9- (

7- &

4- $                                                                                                                                       

Now the password is -> Nihar@Mum !(&$

You can also create a very easy to remember passphrase sequence using part of your name and some other info.

Suppose your name is Mahesh. You have been living in Delhi since 2001. Your password can be MahDel0115 (Mahesh/Delhi/2001-2015)

Next year just change the dates and you get MahDel0116.

These are but some examples. I am sure you have many bright ideas and some really good password tricks up your sleeves. Please share with us your password ideas by leaving comments below.

Things to remember:

  • Passwords should be kept secret & shared only with very trusted people like parents or spouse (until and unless necessary). If shared, do remember to change it soon.
  • To never access public Wi-Fi to log in to your social media accounts as it’s easier to steal passwords if you are using unsecured Wi-Fi
  • Never use a single password for your e-mail, social media accounts and online banking accounts.

Have fun creating new passwords and remember, safety is both a right and a responsibility.

Stay safe online folks!!


This Friendship’s Day, Unfriend Strangers from Your Social Media Accounts

Ask a teen what’s the best thing about life and 9/10 times the answer would be ‘friends’. To teens, friends are EVERYTHING! They may as well quote Virginia Woolf and say: “Some people go to priests; others to poetry; I to my friends.”

Friendship in the internet age has stretched beyond the borders of real life. For many, having over 500 friends in social media circles isn’t a big deal at all. But, how many of them are your genuine friends? Obviously, most of the friends will either be strangers or friend of a friend of a friend; and in most cases, their identity can’t be easily authenticated. But they add to the score and therefore end up knowing your personal life as and when you share online.

Curiosity, need for peer approval, competitive spirits & loneliness may often be reasons driving kids to search for friends online. Here is another example: A tongue-tied teen can confidently text online and likewise a timid child with a low sense of self-esteem – can feel elated to have several friends online.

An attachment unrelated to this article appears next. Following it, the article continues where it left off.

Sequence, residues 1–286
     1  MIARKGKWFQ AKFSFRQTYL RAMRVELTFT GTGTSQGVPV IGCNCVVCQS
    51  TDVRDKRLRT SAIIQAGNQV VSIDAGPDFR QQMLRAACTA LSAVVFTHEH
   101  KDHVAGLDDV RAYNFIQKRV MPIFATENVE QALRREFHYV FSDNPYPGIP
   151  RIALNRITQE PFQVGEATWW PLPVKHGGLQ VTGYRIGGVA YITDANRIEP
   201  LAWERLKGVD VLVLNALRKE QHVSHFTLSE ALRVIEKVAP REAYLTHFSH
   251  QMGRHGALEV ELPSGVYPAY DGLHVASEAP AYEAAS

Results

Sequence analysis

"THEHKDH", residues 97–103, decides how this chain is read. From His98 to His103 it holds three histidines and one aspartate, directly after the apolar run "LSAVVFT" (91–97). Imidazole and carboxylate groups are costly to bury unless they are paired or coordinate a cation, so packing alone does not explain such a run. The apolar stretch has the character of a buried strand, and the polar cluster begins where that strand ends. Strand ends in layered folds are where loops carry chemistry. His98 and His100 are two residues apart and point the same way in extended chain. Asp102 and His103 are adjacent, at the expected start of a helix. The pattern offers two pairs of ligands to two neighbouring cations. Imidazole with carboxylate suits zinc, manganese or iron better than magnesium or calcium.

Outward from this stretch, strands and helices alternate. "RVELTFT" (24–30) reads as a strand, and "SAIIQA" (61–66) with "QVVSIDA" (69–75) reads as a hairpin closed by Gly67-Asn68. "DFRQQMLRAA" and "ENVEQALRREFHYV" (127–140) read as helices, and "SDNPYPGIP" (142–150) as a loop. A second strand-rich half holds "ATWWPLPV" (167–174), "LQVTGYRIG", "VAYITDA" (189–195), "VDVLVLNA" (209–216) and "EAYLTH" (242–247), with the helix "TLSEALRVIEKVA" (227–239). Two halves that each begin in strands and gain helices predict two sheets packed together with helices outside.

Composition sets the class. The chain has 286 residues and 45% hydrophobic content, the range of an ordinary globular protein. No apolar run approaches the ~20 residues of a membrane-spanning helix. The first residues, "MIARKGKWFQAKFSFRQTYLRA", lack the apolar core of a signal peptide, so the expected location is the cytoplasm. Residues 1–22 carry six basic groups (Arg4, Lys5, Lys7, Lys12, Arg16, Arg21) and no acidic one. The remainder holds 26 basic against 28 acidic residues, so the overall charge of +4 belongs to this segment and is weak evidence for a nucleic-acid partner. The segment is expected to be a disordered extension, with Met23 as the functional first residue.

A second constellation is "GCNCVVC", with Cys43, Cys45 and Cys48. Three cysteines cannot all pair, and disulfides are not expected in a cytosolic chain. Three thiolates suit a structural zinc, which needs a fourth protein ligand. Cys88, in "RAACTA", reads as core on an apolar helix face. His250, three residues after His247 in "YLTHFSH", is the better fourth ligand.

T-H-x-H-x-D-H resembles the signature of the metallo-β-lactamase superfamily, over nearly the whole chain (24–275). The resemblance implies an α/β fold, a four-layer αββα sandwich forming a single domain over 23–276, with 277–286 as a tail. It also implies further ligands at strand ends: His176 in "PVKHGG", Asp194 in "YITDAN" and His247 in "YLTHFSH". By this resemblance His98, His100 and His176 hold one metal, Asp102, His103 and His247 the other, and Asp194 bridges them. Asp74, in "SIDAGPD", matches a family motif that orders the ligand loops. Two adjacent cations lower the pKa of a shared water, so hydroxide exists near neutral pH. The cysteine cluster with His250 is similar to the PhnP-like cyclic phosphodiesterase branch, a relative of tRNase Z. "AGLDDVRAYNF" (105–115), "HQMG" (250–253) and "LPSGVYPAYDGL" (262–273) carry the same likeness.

But are the ‘online friends’ trustworthy?

According to the findings of the McAfee Tweens, Teens & Technology Report 2014, tweens and teens find that it is easier to communicate via the internet than in person. 66% of the respondents said they feel more accepted on social media, while72% feel more important when they receive a lot of likes.

The research also said that 71% of Indian youth interacted online with people they didn’t know in real life. What they tend to forget is an important factor – the people they befriend online may mask their identity in an attempt to steal your personal information. There is no way of knowing their motive until it’s too late.

The result is that online friendship may sometimes prove to be harmful.

The online trouble doesn’t stop with just tweens and teens as even adults have been victims of troll attacks, cyberbullying, scams, cyberstalking and phishing. Just imagine the effects on impressionable and young adults if they have to deal with such negative relationships!

So this Friendship Day, make it a point to interact with people whom you already know in the real world. Should you want to make new friends, you could do a background check on a person’s online profile before accepting their friend request. Always decide beforehand about how much of your personal life details, you want to share online and change your social media accounts’ privacy settings accordingly. Remember that in this connected age, you are leaving behind your digital footprints, records of which will forever stay available online. It is time you started micromanaging your online activities.

A few quick tips for our young adults:

  • Take time to run a check on your friends list at regular intervals. Unfriend those who you don’t know personally, even if he/she happens to be your best friend’s sister’s bestie
  • Do not accept friend requests randomly
  • Desist from Skyping or using the webcam during chats